Which Joe gave his name to ‘sloppy joes’? We look at five interesting sandwiches and their lexical origins.
1A fund established to finance a long-term, expensive project.
- ‘Rogue corporations that wilfully break the law will have their charters revoked, their assets sold and the money funnelled into superfunds for their victims.’
- ‘Union superfunds are becoming increasingly powerful with the great amount of money in there and they should see themselves as now having genuine financial clout.’
- ‘The type of person who works really well with a self-managed superfund is a person who has invested in their own name already.’
- 1.1Superfund A US federal government program designed to fund the cleanup of toxic wastes.‘billions have been spent on Superfund since 1980’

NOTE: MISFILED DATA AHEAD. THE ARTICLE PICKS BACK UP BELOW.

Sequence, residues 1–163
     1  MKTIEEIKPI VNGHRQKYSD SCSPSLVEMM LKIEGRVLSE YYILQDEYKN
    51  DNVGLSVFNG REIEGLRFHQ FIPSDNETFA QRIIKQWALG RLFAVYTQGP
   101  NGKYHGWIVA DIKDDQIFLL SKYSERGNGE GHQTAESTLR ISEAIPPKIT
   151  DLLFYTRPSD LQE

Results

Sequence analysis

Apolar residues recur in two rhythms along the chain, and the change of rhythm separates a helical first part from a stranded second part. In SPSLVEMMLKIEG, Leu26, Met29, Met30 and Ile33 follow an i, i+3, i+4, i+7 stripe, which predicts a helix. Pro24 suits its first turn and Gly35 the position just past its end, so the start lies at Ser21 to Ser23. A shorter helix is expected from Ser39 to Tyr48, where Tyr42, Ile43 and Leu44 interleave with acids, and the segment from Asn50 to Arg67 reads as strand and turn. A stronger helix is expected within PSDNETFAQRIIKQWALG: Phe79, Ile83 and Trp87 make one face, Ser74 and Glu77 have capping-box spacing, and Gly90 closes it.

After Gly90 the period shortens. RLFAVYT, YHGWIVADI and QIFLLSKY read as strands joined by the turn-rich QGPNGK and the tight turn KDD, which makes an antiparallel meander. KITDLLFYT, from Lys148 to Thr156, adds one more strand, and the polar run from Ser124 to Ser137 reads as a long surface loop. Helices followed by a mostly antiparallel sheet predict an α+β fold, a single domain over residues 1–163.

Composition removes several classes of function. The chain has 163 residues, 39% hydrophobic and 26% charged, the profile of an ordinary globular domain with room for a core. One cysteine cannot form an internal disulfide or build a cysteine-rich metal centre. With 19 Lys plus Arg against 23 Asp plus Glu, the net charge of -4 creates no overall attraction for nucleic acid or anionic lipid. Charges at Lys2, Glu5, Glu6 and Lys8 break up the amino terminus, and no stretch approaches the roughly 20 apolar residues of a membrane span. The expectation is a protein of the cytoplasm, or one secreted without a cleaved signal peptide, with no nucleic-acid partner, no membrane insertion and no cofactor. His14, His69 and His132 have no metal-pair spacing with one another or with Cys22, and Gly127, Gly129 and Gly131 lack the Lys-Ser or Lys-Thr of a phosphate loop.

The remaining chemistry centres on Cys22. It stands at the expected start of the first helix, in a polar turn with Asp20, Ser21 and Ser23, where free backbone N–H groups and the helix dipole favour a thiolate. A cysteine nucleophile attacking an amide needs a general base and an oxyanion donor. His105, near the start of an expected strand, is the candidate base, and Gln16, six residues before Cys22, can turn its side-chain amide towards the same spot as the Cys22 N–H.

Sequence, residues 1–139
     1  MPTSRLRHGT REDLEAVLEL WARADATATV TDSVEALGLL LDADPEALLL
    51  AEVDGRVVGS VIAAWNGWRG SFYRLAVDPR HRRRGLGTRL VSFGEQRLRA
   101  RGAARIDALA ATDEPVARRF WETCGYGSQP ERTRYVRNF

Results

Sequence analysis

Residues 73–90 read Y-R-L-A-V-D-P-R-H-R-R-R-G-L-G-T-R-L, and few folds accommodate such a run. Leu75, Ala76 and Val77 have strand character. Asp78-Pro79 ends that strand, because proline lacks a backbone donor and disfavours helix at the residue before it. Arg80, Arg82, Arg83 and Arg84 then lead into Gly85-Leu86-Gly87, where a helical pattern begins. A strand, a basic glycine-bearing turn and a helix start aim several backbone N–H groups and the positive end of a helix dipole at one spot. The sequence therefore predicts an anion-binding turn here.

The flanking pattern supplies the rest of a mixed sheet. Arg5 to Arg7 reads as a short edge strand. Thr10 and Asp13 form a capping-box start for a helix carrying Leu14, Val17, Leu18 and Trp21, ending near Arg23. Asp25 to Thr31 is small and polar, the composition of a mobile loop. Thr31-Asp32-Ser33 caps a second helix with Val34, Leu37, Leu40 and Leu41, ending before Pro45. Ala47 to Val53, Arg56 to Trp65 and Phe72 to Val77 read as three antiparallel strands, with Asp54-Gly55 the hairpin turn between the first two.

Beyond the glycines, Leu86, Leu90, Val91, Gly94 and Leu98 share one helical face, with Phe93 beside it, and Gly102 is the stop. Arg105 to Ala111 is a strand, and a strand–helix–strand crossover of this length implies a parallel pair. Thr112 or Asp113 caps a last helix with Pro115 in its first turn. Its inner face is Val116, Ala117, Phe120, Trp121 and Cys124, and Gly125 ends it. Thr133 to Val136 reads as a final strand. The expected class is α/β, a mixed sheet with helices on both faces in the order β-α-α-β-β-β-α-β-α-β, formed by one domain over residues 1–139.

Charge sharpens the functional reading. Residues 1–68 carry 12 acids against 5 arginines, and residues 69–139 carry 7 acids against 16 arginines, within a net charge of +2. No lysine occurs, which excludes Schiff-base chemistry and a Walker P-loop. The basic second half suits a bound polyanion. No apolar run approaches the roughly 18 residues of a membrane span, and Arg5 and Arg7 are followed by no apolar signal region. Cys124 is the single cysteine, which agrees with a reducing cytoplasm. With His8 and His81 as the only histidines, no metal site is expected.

- ‘It was the first time I had ever knowingly launched just downstream from a Superfund site.’
- ‘But the bay shoreline must contend with one of the world's largest ports, a Superfund landfill, a nuclear-power plant, and speeding boaters who put slow-moving manatees at risk.’
- ‘The harbor, a Superfund site, has been a dumping ground for numerous toxic facilities and industrial activities.’
- ‘So he was shocked to learn that the pollutants collecting inside his body sounded much like a Superfund cleanup site: pesticides, flame retardants and other nasty, man-made chemicals turned up in a recent test.’
- ‘As a result, the United States Environmental Protection Agency declared the entire length of the Hudson River downstream from these plants to be a Superfund Site.’
We take a look at several popular, though confusing, punctuation marks.
From Afghanistan to Zimbabwe, discover surprising and intriguing language facts from around the globe.
The definitions of ‘buddy’ and ‘bro’ in the OED have recently been revised. We explore their history and increase in popularity.